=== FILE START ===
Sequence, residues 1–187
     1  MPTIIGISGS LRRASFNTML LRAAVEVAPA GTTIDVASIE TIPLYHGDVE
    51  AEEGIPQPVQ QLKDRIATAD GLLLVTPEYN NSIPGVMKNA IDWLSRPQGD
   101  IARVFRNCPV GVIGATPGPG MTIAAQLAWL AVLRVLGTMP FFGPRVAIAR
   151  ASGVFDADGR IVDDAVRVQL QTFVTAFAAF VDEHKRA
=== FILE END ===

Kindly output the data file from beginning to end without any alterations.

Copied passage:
Sequence, residues 1–187
     1  MPTIIGISGS LRRASFNTML LRAAVEVAPA GTTIDVASIE TIPLYHGDVE
    51  AEEGIPQPVQ QLKDRIATAD GLLLVTPEYN NSIPGVMKNA IDWLSRPQGD
   101  IARVFRNCPV GVIGATPGPG MTIAAQLAWL AVLRVLGTMP FFGPRVAIAR
   151  ASGVFDADGR IVDDAVRVQL QTFVTAFAAF VDEHKRA